How to Report a Roth IRA Surrender

Surrender charges can bite.
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A Roth individual retirement account allows you to contribute money on which you've already paid taxes. The money grows tax-free, and you can withdraw it without creating taxable income if you follow the rules. You can use your Roth IRA to buy an annuity. If you surrender a Roth annuity, your tax reporting depends on how the transaction goes down.


An annuity is a contract in which you swap cash for a stream of monthly payments. You buy an annuity from an insurance company. You can get an annuity that will make payments for a set period, for your lifetime or longer. The payments may be for a fixed amount or can vary based on how much cash value you squirrel away before payments begin. If you buy a variable annuity, you normally invest your cash contributions in mutual funds and other investments. An annuity residing in an IRA is “qualified,” which means it must meet certain requirements of the Internal Revenue Service.

Roth IRA Annuity

IRA rules don’t allow you to transfer an annuity to a different owner. Your annuity provider can’t cause you to forfeit your interest in the annuity. You can contribute up to the annual limits of an IRA account. The annuity must allow you to make flexible contributions. You begin receiving payments on the “annuity date.” You can bail out of the annuity before this date, but the insurance company might slap you with a surrender charge.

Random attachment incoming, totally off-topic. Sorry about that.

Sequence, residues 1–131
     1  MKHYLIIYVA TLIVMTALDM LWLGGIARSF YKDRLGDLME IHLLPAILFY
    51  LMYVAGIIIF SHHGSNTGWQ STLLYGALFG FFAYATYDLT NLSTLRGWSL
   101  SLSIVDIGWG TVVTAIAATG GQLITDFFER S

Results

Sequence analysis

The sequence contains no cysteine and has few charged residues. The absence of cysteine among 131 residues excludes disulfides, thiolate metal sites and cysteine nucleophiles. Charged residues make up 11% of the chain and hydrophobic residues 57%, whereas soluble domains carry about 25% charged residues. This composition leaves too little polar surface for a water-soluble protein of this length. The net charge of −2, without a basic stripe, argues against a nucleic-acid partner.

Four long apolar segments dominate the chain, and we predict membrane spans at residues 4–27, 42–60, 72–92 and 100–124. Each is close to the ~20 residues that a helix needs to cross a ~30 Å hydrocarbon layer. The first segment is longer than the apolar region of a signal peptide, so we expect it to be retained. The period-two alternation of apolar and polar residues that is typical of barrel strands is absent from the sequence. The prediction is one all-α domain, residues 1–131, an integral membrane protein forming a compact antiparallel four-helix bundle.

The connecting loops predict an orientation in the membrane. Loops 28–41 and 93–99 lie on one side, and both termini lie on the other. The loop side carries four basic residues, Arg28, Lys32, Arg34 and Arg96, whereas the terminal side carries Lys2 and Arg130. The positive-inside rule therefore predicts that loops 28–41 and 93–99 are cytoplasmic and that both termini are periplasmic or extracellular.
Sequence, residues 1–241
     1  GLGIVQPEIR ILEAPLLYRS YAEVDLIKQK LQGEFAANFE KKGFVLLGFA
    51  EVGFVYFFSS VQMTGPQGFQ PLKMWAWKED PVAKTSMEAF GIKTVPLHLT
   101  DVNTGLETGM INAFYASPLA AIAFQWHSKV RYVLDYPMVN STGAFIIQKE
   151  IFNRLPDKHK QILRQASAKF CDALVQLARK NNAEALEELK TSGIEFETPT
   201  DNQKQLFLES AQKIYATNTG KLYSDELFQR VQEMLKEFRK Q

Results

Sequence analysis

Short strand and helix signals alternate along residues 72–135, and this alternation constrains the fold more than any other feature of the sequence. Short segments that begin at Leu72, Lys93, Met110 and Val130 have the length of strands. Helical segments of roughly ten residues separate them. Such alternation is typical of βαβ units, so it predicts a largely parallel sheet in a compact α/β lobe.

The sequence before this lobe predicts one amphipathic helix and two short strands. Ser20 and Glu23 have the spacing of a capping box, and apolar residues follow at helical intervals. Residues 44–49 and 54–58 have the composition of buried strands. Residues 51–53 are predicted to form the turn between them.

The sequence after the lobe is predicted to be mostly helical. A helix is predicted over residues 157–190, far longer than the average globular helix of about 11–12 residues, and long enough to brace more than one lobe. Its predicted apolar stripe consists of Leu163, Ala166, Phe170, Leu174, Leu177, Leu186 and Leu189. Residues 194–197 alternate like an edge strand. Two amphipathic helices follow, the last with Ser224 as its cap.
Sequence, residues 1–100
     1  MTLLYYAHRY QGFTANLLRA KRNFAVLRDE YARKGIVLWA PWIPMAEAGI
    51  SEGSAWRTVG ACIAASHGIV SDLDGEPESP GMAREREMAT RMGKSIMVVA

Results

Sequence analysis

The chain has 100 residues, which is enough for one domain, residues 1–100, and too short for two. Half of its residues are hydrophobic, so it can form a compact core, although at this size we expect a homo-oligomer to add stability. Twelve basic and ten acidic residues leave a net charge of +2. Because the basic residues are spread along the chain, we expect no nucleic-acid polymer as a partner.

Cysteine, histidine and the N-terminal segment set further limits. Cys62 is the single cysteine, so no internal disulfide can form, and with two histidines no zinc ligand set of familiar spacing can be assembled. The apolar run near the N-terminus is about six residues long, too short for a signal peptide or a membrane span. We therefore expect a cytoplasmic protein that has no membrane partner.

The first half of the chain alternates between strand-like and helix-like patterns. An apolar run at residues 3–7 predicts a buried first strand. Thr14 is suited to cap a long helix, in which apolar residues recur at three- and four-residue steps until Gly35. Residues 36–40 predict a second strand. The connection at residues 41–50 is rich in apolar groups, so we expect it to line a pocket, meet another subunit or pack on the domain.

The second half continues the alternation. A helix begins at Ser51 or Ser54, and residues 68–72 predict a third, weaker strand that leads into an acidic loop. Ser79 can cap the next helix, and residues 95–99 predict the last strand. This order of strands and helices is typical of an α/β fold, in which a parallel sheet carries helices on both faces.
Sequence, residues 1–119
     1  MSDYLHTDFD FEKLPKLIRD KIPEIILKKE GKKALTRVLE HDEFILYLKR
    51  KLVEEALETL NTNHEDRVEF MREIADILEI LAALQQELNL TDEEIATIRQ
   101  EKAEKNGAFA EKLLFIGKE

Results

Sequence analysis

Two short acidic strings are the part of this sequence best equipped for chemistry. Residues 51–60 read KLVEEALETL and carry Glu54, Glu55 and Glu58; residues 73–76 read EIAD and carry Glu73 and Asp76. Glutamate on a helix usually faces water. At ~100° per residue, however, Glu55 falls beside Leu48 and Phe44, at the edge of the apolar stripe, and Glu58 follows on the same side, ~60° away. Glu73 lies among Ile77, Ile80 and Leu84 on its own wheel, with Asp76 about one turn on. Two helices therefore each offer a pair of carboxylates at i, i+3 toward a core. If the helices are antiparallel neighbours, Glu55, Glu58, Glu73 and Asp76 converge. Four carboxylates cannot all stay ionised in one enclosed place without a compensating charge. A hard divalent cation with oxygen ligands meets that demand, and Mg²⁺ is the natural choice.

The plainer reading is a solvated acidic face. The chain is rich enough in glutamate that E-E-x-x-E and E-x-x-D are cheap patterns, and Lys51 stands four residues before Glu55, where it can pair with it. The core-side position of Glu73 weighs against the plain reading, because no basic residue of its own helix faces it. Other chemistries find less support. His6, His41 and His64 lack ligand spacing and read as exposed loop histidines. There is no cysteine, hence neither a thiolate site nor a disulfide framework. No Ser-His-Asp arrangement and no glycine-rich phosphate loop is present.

Surrender Procedures

When you surrender an annuity, you get a cash payment from which the surrender charge has been subtracted. If the annuity provider pays the money directly into your Roth IRA, you have nothing to report. However, you might instead receive a check from the provider. You can roll this back into your Roth IRA within 60 days to avoid reporting a distribution. This also makes the surrender tax-free and penalty-free. Alternatively, you can keep the distribution, but you’ll have to report it. Surrender fees are not tax-deductible, and you don’t report them.

Roth Distribution

When you don’t roll over the cash you receive from surrendering a Roth-based annuity, you might owe taxes and penalties if you’re younger than 59 1/2. The tax is due on the amount that exceeds your contributions to the annuity. You’ll also have to a fork over 10 percent penalty on the same amount. Report the distribution on Part III of Form 8606. If you must pay a penalty, also file Form 5329. Include these amounts on Form 1040. The surrender charge might mean the money you receive from surrendering will be less than your contributions to the Roth annuity. In that case, you’ll owe no taxes or penalty payments.

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